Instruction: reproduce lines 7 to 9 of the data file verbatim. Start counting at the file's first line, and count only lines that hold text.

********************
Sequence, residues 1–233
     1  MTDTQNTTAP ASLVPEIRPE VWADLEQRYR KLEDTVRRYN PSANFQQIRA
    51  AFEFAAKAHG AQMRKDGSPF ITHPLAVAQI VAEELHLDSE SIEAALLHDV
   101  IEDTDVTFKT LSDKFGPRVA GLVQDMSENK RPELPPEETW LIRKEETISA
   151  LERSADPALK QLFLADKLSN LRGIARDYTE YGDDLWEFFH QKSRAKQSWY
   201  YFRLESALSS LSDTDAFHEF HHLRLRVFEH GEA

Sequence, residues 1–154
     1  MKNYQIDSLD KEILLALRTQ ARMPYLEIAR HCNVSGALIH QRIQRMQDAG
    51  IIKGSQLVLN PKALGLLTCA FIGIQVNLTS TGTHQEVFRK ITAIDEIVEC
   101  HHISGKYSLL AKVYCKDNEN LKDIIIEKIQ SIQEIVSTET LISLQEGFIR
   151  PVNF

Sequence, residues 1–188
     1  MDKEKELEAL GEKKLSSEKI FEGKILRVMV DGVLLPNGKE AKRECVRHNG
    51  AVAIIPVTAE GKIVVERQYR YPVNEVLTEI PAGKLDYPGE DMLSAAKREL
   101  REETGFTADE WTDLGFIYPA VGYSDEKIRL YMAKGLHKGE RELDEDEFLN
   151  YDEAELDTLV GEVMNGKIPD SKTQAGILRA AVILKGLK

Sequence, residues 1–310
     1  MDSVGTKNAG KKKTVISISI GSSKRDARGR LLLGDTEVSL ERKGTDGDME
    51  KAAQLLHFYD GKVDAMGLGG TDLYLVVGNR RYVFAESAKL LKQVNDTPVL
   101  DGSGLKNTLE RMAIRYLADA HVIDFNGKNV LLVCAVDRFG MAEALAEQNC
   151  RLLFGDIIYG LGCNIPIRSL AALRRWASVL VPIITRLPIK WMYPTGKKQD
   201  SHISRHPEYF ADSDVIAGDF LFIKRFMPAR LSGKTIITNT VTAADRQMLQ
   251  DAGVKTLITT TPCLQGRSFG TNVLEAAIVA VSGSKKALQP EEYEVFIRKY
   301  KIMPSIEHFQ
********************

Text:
Sequence, residues 1–154
     1  MKNYQIDSLD KEILLALRTQ ARMPYLEIAR HCNVSGALIH QRIQRMQDAG
    51  IIKGSQLVLN PKALGLLTCA FIGIQVNLTS TGTHQEVFRK ITAIDEIVEC